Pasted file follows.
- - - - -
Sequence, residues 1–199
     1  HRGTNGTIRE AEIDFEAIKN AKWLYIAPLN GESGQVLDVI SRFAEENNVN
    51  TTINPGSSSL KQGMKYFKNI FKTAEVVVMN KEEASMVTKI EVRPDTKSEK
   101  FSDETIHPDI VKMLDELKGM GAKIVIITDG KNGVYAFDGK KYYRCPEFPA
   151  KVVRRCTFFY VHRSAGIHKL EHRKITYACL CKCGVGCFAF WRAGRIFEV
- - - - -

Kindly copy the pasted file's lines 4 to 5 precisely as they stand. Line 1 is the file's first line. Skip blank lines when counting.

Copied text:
   101  FSDETIHPDI VKMLDELKGM GAKIVIITDG KNGVYAFDGK KYYRCPEFPA
   151  KVVRRCTFFY VHRSAGIHKL EHRKITYACL CKCGVGCFAF WRAGRIFEV